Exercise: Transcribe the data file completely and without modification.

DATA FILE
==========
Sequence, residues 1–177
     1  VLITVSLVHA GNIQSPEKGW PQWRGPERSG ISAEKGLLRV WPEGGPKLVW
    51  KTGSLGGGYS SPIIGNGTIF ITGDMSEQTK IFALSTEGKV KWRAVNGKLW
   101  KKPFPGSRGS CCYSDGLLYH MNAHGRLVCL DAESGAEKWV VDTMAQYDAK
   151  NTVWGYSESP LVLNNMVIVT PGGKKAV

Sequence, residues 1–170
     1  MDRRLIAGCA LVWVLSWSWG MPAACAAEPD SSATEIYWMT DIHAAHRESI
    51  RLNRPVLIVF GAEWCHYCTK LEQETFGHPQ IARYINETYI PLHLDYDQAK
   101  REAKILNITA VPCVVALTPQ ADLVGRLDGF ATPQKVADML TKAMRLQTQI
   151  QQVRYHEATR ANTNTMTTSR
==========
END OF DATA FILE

Sequence, residues 1–177
     1  VLITVSLVHA GNIQSPEKGW PQWRGPERSG ISAEKGLLRV WPEGGPKLVW
    51  KTGSLGGGYS SPIIGNGTIF ITGDMSEQTK IFALSTEGKV KWRAVNGKLW
   101  KKPFPGSRGS CCYSDGLLYH MNAHGRLVCL DAESGAEKWV VDTMAQYDAK
   151  NTVWGYSESP LVLNNMVIVT PGGKKAV

Sequence, residues 1–170
     1  MDRRLIAGCA LVWVLSWSWG MPAACAAEPD SSATEIYWMT DIHAAHRESI
    51  RLNRPVLIVF GAEWCHYCTK LEQETFGHPQ IARYINETYI PLHLDYDQAK
   101  REAKILNITA VPCVVALTPQ ADLVGRLDGF ATPQKVADML TKAMRLQTQI
   151  QQVRYHEATR ANTNTMTTSR